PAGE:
Definition Data Center
The term data center or Data Centers is very common today. Many of the data that we handle today, from mobiles, tablets, and computers end up stored in these data centers. In what many call the cloud as a really generic term.
A Data Center is, as the name implies, a “data center” or “Data Processing Center” (CPD). This definition encompasses dependencies and associated systems, thanks to which:
The data is stored, processed, and distributed to authorized personnel or processes to consult and/or modify them.
The servers in which this data is stored are kept in an optimal operating environment.
The first Data Centers were designed following the classic architectures of network computing. In which the equipment was “stackable” in tables, cabinets, or racks.
The need for easy management and optimization of the space has made it evolve towards equipment-based systems. Whose dimensions allow to maximize the volume available in the racks (“rackable” equipment), achieving a high density of equipment per unit of space.
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Data Centers Uses
A physical Datacenter can host virtual Datacenters, whose cost is fewer thanks to virtualization. Each virtual Data Center is independent of the rest and has maximum guarantees of security, availability, and flexibility.
The initial Data Centers were also not designed to provide advanced network facilities, nor the minimum bandwidth and speed requirements of current architectures.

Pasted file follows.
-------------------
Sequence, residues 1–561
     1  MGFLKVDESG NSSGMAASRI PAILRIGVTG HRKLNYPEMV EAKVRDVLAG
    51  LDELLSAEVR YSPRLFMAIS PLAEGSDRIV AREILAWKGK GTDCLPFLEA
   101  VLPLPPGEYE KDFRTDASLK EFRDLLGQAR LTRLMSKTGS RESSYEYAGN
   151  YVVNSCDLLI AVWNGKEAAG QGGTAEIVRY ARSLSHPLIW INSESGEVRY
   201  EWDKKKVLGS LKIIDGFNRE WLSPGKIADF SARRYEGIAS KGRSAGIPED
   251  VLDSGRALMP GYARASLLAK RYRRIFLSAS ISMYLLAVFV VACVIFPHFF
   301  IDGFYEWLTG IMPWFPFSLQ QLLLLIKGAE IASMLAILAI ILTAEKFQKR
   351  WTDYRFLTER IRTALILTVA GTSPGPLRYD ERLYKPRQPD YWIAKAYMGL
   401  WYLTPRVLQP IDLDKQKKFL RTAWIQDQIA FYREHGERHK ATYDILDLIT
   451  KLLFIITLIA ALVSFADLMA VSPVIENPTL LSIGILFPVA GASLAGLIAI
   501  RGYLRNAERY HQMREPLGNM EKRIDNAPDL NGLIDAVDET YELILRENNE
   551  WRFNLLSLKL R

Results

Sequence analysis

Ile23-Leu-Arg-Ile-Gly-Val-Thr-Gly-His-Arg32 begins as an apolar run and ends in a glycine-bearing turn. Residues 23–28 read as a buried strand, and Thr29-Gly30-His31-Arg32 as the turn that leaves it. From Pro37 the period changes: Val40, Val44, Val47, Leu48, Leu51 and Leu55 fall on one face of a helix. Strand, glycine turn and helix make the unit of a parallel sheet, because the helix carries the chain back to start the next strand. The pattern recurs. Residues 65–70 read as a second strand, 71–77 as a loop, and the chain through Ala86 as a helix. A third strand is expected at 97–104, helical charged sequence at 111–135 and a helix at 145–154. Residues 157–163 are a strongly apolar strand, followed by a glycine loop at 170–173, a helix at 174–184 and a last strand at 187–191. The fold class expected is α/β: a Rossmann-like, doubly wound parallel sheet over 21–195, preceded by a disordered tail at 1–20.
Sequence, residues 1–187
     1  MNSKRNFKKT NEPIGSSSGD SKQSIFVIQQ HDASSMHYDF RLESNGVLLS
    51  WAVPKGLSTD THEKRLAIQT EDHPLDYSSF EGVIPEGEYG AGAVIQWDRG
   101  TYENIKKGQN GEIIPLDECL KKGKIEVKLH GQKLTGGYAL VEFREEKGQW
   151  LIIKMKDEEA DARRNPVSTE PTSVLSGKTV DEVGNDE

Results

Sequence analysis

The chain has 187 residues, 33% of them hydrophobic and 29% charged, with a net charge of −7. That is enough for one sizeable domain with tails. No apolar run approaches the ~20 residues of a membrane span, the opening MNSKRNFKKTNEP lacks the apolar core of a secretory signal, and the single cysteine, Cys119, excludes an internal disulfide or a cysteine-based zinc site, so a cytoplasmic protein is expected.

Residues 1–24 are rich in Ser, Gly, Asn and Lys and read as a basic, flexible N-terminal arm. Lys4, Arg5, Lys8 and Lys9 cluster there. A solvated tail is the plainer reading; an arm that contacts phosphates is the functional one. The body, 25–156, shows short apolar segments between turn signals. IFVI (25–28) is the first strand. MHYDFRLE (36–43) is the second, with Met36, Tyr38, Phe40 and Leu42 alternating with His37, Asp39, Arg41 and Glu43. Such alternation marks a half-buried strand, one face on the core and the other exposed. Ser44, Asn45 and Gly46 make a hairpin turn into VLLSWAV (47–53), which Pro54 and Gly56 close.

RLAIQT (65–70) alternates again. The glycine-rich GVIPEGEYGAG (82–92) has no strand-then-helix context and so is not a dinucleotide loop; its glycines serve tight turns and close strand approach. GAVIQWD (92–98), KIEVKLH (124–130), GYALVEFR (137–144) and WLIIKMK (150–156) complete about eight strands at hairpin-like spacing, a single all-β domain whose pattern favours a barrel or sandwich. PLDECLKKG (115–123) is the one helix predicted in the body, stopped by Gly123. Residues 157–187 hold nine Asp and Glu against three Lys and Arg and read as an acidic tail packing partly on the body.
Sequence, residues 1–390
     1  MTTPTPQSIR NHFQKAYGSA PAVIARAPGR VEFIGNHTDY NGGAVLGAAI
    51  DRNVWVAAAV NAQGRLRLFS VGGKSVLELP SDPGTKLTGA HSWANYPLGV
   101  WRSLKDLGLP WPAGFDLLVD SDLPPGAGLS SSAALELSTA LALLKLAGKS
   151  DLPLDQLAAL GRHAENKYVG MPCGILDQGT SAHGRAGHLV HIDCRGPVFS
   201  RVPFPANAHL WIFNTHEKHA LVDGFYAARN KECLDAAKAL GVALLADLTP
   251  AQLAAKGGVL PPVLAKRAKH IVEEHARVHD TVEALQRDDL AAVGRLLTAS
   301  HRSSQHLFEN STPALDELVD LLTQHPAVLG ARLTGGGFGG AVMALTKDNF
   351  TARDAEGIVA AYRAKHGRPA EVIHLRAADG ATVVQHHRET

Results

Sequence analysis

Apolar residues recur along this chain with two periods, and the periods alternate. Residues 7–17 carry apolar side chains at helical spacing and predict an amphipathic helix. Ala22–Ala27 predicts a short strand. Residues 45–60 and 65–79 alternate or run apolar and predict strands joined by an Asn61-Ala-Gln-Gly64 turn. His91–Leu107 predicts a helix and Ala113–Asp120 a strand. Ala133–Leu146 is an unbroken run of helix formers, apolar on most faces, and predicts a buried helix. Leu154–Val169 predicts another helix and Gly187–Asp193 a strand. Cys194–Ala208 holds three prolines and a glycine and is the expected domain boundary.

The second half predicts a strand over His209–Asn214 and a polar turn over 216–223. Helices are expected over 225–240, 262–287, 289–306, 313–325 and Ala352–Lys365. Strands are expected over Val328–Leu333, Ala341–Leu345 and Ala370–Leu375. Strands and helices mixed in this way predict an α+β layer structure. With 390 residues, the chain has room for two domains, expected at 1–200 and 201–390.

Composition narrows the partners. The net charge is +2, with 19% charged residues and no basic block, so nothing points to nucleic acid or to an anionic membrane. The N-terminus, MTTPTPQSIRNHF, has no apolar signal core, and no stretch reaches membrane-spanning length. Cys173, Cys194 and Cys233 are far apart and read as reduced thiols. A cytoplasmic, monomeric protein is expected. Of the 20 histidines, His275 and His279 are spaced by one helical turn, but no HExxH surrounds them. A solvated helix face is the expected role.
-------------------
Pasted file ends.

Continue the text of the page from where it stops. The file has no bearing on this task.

The rapid evolution of the Internet and the need to be connected at all times have forced companies to require a high level of reliability and security. In such a way that corporate information is protected and available without interruptions or degradation of access. With the goal of not endangering their businesses, no matter what size they are.
The fulfillment of these requirements, each day, more demanded, is possible within a Data Center. Just as a bank is the best place to store and manage money, a data center is also used to house the equipment and information systems.
The stored data is not static data; it is constantly moving, interrelating with each other, and resulting in new data. Their growth is constant, and this implies not only that they must be protected by means of adequate security measures, but also endowed with great “engines that allow them to move quickly through the information highways.”
The exponential growth of the number of users of online services has led companies to outsource the management, maintenance, and administration of their computer and communications equipment in the Data Center.
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